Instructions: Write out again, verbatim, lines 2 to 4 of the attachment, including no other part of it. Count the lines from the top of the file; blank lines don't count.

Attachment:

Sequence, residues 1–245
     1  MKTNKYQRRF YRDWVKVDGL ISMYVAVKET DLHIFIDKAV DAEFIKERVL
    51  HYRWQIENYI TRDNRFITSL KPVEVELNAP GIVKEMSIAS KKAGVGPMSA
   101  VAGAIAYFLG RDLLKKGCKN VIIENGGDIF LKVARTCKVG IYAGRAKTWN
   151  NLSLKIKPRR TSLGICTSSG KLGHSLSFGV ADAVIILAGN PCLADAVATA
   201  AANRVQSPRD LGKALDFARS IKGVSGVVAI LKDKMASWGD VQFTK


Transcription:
     1  MKTNKYQRRF YRDWVKVDGL ISMYVAVKET DLHIFIDKAV DAEFIKERVL
    51  HYRWQIENYI TRDNRFITSL KPVEVELNAP GIVKEMSIAS KKAGVGPMSA
   101  VAGAIAYFLG RDLLKKGCKN VIIENGGDIF LKVARTCKVG IYAGRAKTWN